Analyzing the time course of tumor decay and growth
The data analyzed were obtained in the phase III registration trial of patients with mRCC randomized to either sunitinib or IFN-α (3, 13). There were 379 patients assigned to sunitinib and 377 to IFN-α. Tumor measurements were assessed as the sum of the LDs of target lesions. Figure 1 depicts 4 examples of on-study change in LD sum, depicted as solid circles. Solid lines are curve-fits of the equations describing the sum of concomitant regression (decay) and growth fractions of the tumor, represented as dotted and dashed lines, respectively [Eqs. (A–C)]. Figure 1A and B show a decrease in LD sum followed by an increase. Figure 1C depicts a case in which no growth is seen during treatment, whereas Fig. 1D shows a case with no apparent tumor shrinkage. We extracted g and d parameters, excluding patients with no tumor assessment data, with only baseline CT scan data, or with only one follow-up assessment that differed by less than 1.2-fold, these last patients not meeting criteria for progressive disease—treatment discontinued for toxicity or withdrawal of consent (3). Exclusions left 331 patients in the sunitinib arm and 268 in the IFN-α arm. A consort diagram showing patient numbers is in Supplementary Fig. S1. Setting the significance for the derived parameters at P < 0.1, we extracted acceptable g and/or d parameters in 319 (84%) of the patients assigned to sunitinib, and 240 (64%) of those assigned to IFN-α (differences in proportions, P = 0.007, χ2 test).
To test whether the difference in ability to extract a g value indicated different patient populations, we compared OS, initial tumor quantity Q0, nadir fraction, and time to nadir for patients with acceptable g/d parameters (i.e., extracted at P < 0.1) with those for the whole population (Supplementary Table S1). For both IFN-α and sunitinib arms, for either deceased patients or those still living at study closure, neither OS, initial tumor quantity, nadir fraction, nor time to nadir were different (every P > 0.25, Mann–Whitney rank-sum) between those with acceptable g/d and the whole population. In addition, Kaplan–Meier survivals plots were not different between those with acceptable g/d parameters and those without (log rank: medians for sunitinib 130.6 and 122.7 weeks, P = 0.79, for IFN-α, 137.7, 119.4, P = 0.69). Thus, the cases with acceptable g/d parameters were representative of the whole population.
To validate the goodness of fit, we tabulated the Rsq between data points and fitted line for 20 cases selected randomly among those that had an acceptable g parameter. The median Rsq was 0.933, (25%–75%: 0.891–0.958), indicating acceptable agreement between fitting equation and tumor quantity values over the data set. In addition, the median of the P values for all acceptable g/d values was P = 0.00003 (25%–75%: 0.000–0.00192) for the sunitinib arm, and P = 0.000540, (25%–75%: 0.00002–0.00830) for IFN2
Statistically higher at P < 0.001.
Correlating growth and regression rate constants with OS in patients treated with sunitinib or IFN-α
Previous analyses (9–12) suggested the growth rate constant, g, could be added to response rate and progression-free survival (PFS) as a measure of efficacy. Here, the median g of tumors in patients receiving sunitinib (0.00082 per day; log g = −3.09) was 45% lower than that (P < 0.001) of tumors in patients receiving IFN-α (0.0015 per day; log g = −2.81).
Recognizing OS as the “gold standard” of drug efficacy, we assessed the correlation between g or d and OS. The final analysis of OS (13) was used, with 262 OS events [date of death (DOD) documented] that yielded acceptable g/d parameters (including 226 with acceptable g). Figure 2 top, left shows the OS/log g correlation for the 131 sunitinib patients having both a valid g (P < 0.1) and DOD. The right top panel is a similar plot for the 95 patients treated with IFN-α. For sunitinib, log g and OS were significantly negatively correlated (Rsq = 0.44; P < 0.001), whereas the data for IFN-α (Rsq = 0.14; P < 0.001), were less strongly correlated. These g values were calculated using tumor measurements obtained by study investigators. Regressions using measurements from central review were similar: for sunitinib, log g and OS correlated significantly negatively (Rsq = 0.30; P < 0.001) in contrast to those for patients randomized to IFN-α (Rsq = 0.14; P < 0.0044). The bottom panels of Fig. 2 compare regressions of tumor nadir (the measure used in response rate, defined as the ratio of minimum sum of LDs to initial sum of LDs) and PFS or OS in the sunitinib arm. In prostate cancer (10), nadir depth and time to reach nadir were both surrogates of g, faster growth rates producing higher nadirs, shorter times to nadir, and, in turn, shorter PFS (10). Accordingly, lower correlations (Rsq = 0.19) were found when nadir, rather than log g, is regressed on OS in this data set, the nadir being merely a surrogate of g. The regression of PFS with OS was comparable with the results obtained with g (data not shown).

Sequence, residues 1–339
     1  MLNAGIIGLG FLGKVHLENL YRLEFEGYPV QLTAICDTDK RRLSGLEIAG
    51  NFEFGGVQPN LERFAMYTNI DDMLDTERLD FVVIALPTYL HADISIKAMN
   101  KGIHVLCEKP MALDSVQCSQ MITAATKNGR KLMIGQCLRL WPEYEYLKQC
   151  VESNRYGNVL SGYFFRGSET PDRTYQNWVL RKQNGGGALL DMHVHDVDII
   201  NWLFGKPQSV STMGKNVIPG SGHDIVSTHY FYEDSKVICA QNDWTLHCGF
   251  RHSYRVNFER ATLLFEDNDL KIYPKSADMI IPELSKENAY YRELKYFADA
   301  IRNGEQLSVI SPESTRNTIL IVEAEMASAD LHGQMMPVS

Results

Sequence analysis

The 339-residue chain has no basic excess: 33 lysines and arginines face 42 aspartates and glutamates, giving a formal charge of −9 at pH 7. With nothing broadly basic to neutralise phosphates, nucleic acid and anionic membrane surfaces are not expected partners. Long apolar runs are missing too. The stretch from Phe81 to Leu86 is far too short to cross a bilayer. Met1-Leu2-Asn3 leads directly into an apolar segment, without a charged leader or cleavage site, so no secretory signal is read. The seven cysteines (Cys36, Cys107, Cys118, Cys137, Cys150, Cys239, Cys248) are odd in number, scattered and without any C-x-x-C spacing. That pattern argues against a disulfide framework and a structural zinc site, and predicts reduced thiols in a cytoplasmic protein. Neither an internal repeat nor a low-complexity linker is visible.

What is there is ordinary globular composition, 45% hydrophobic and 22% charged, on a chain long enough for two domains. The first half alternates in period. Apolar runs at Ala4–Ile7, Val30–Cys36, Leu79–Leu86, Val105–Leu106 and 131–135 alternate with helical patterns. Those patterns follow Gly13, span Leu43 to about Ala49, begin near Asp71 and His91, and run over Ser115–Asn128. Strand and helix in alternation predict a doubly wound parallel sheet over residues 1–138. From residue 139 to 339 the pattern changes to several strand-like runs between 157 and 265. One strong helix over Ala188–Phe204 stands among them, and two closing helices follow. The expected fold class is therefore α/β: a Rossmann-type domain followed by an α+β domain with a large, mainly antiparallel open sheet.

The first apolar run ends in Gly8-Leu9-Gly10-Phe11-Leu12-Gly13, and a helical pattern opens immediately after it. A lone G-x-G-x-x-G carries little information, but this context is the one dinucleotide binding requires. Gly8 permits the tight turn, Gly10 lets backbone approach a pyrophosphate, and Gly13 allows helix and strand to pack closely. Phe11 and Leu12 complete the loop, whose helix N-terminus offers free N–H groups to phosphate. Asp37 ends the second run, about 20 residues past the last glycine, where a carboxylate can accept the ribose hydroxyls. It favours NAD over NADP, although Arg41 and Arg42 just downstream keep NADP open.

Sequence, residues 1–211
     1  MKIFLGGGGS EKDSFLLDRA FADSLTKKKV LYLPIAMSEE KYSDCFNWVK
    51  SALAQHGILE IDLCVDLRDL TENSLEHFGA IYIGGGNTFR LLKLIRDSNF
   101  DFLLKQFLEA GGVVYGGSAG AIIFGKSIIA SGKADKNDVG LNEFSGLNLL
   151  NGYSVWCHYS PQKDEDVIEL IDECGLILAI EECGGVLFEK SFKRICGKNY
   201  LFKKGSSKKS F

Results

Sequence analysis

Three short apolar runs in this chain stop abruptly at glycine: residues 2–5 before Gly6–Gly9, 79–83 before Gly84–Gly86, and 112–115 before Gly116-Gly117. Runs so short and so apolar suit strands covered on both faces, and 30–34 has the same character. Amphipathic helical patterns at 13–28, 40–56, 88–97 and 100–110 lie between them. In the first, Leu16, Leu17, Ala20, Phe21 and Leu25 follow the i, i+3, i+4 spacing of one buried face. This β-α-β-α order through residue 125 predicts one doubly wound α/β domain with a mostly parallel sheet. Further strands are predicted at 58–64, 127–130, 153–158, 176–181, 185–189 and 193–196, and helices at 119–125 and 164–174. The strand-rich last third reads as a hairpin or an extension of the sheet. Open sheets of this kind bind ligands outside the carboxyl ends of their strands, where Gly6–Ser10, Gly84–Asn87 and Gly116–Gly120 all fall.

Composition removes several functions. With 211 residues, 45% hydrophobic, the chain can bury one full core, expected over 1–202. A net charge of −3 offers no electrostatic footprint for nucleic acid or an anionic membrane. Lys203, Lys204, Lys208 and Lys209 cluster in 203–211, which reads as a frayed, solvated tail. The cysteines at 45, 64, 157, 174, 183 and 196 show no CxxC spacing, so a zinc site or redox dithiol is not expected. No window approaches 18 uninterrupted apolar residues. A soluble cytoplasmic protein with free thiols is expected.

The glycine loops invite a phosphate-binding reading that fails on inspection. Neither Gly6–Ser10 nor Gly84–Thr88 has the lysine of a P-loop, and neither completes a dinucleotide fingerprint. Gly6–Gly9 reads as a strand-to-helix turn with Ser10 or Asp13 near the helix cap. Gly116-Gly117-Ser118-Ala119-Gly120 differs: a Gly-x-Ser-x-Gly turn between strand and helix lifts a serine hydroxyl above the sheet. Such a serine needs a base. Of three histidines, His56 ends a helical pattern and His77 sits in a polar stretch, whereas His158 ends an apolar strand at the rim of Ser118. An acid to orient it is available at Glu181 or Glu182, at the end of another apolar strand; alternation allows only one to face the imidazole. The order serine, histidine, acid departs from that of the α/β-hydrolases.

To test whether patients who died while on study were representative of the whole population, Supplementary Fig. S2 shows log g versus OS for all patients for whom we had valid g parameters as solid circles, with the subset that had died as red open circles. The data sets fall on a continuum, suggesting that deceased patients are indeed representative of the whole population insofar as dependence of survival on g is concerned.
A stepwise regression of OS on log g, log d, and initial tumor quantity (f0, sum of LDs) showed that only log g contributed to the regression for patients randomized to sunitinib (P < 0.001), whereas both log g (P = 0.010) and f0 (P = 0.028) contributed significantly to OS in patients randomized to IFN-α (data not shown).
Comparing growth rate constants extracted from the two study arms